H-1B (Special Occupation) Visa

Working in the United States on the H-1B Visa

The H-1B visa is a non-immigrant visa set aside for foreign workers in "specialty occupations." Every year, a maximum of 65,000 H-1B visas are issued. Out of the total 65,000 H-1Bs available, several thousand are set aside for recipients of Chilean and Singaporean Free Trade Visas.

Moreover, an additional 20,000 H-1Bs are available for applicants who have completed Master's degrees from US institutions.

How long does the H-1B status last?

An H-1B work visa is issued for a period up to of 6 years, and renewable for a total of 6 years. There are certain circumstances where a worker may extend their H-1B for more than 6 years, either in 1-year increments of 3- year increments.

How do I get an H-1B Visa?

Attaining the H-1B status is getting more competitive in many ways. A prospective H-1B worker must be prepared to look for and garner an offer of work up to 6 months before they can begin working. Although some F-1, J-1, or M-1 students may have optional practice training (OPT) which allows them to work while their H-1B application is pending.

When can I apply for an H-1B?

Generally, H-1B applications are accepted by the USCIS beginning each April 1 st . Keep in mind that for most applicants, you may not be able to work prior to October 1 st of that same calendar year.

How scarce are H-1Bs?

In fiscal year 2007, the USCIS received a record number of H-1B applications on the very first day of the filing period. Subsequently, USCIS considered only those that were properly filed and complete with all appropriate documentation from the first two days of the filing period. This means that applicants should focus on the fact that regardless of when USCIS may run out of H-1B visas this year, applicants and their employers should consider hiring only the most qualified attorneys to represent them in H-1B filings. Attorneys, on-line visa services or immigration consultants that promise low-fees and quick filings often "cheat" or "cut corners" on the applications that they submit. These attorneys or immigration consultants rely on the quantity of applications they prepare, and in a "cookie-cutter" fashion, rather than the quality of the application they are submitting. If you are not getting individualized attention, beware that you may be compromising on the quality of your application and in the end, the likelihood of success in having your application approved.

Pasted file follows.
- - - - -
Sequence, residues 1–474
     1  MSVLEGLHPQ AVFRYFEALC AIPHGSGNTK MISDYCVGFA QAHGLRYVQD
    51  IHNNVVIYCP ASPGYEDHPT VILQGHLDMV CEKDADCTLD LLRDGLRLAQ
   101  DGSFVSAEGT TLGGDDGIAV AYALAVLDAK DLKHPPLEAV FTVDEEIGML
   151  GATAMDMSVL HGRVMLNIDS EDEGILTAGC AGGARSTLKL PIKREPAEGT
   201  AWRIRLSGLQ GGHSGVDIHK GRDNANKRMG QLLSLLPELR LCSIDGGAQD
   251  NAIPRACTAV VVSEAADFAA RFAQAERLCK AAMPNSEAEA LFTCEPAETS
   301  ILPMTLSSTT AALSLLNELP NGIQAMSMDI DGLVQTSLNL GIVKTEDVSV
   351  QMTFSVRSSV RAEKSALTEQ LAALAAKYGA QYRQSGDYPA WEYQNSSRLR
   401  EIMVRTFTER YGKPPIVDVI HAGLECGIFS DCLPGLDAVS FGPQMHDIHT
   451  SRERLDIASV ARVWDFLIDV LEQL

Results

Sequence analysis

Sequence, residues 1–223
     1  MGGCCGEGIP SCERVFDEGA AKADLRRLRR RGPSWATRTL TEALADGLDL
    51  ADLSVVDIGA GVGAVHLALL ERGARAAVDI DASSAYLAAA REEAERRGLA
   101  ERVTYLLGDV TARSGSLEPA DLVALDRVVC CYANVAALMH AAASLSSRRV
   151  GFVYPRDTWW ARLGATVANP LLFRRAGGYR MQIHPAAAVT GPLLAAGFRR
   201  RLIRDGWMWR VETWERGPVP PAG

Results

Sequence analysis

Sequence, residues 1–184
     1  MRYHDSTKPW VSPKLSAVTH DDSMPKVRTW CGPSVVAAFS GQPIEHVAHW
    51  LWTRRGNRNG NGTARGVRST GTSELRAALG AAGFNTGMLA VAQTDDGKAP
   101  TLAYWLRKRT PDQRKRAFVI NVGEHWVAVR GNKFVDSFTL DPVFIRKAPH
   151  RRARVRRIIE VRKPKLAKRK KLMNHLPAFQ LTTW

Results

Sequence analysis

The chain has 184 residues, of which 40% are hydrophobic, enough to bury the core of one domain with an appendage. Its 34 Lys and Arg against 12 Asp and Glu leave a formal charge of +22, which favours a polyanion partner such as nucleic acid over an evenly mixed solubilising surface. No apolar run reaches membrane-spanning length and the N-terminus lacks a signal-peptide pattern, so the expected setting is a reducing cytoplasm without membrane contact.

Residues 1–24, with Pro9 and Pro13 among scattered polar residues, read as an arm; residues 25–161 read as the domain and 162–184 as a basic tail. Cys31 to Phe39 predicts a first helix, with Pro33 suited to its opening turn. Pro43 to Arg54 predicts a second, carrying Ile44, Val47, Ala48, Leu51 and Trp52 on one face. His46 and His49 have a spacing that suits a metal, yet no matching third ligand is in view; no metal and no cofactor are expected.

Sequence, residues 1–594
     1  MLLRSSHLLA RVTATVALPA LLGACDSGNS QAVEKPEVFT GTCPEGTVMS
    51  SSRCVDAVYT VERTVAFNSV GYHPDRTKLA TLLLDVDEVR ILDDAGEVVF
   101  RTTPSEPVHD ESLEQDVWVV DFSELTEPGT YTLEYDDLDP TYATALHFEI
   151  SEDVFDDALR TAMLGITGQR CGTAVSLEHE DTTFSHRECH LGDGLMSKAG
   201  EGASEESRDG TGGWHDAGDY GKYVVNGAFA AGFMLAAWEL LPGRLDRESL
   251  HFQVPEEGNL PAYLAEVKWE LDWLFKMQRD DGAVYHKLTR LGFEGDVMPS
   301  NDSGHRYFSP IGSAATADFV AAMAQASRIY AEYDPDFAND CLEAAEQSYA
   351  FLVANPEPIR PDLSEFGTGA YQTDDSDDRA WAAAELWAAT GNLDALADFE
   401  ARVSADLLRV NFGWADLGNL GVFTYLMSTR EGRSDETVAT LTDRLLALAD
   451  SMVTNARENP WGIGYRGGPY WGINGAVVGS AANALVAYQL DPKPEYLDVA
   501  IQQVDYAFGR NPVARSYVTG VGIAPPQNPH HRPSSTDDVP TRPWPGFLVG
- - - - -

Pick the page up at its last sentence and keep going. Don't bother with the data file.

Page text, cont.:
How far in advance should I contact an immigration attorney?

At Fong & Aquino, we expect and want to be involved with our clients even before they find job offers. We often counsel students during their studies or toward the end of their OPT stay so that our clients have a very clear timeline of what they need to prepare for well before H-1Bs become available. We also work with clients who are changing employers or who have been laid off or have quit their jobs and need immediate advice on retaining their status here in the US.

Why do I need an attorney to file an H-1B case?

Only an attorney can represent both the employer and the employee (the applicant) before proceedings with USCIS. In addition, the attorneys at Fong & Aquino are also oftentimes involved in speaking with prospective employers when they have questions about the H-1B process, and the types of responsibilities or liabilities an employer may have in sponsoring H-1B applicants.

Please contact our office for a consultation if you are interested in applying for an H-1B, or if you are an employer interested in learning more about the program. Our attorneys are extremely experienced in handling all types of H-1B cases, representing small and large corporations, school districts, religious organizations, and even non-profit organizations that are not subject to the H-1B cap. Our attorneys are also immigration lecturers for the American Immigration Lawyers Association and Los Angeles County Bar Association.

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